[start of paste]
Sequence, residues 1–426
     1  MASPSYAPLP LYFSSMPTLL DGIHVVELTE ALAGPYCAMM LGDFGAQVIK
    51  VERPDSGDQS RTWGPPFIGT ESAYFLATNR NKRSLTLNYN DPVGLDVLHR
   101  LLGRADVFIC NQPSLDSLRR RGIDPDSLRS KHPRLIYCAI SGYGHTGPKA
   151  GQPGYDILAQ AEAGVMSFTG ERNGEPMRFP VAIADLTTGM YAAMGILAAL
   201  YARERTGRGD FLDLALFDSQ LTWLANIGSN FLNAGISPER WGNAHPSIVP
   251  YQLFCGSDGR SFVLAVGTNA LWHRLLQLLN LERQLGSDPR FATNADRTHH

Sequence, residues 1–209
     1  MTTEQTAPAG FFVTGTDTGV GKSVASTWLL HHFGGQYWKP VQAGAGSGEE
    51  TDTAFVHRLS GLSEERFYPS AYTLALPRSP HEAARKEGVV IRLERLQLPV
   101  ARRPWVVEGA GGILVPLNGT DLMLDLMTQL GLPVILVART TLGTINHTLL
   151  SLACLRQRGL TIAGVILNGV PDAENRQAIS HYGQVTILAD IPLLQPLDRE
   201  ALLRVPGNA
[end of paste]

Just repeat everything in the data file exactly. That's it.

Sequence, residues 1–426
     1  MASPSYAPLP LYFSSMPTLL DGIHVVELTE ALAGPYCAMM LGDFGAQVIK
    51  VERPDSGDQS RTWGPPFIGT ESAYFLATNR NKRSLTLNYN DPVGLDVLHR
   101  LLGRADVFIC NQPSLDSLRR RGIDPDSLRS KHPRLIYCAI SGYGHTGPKA
   151  GQPGYDILAQ AEAGVMSFTG ERNGEPMRFP VAIADLTTGM YAAMGILAAL
   201  YARERTGRGD FLDLALFDSQ LTWLANIGSN FLNAGISPER WGNAHPSIVP
   251  YQLFCGSDGR SFVLAVGTNA LWHRLLQLLN LERQLGSDPR FATNADRTHH

Sequence, residues 1–209
     1  MTTEQTAPAG FFVTGTDTGV GKSVASTWLL HHFGGQYWKP VQAGAGSGEE
    51  TDTAFVHRLS GLSEERFYPS AYTLALPRSP HEAARKEGVV IRLERLQLPV
   101  ARRPWVVEGA GGILVPLNGT DLMLDLMTQL GLPVILVART TLGTINHTLL
   151  SLACLRQRGL TIAGVILNGV PDAENRQAIS HYGQVTILAD IPLLQPLDRE
   201  ALLRVPGNA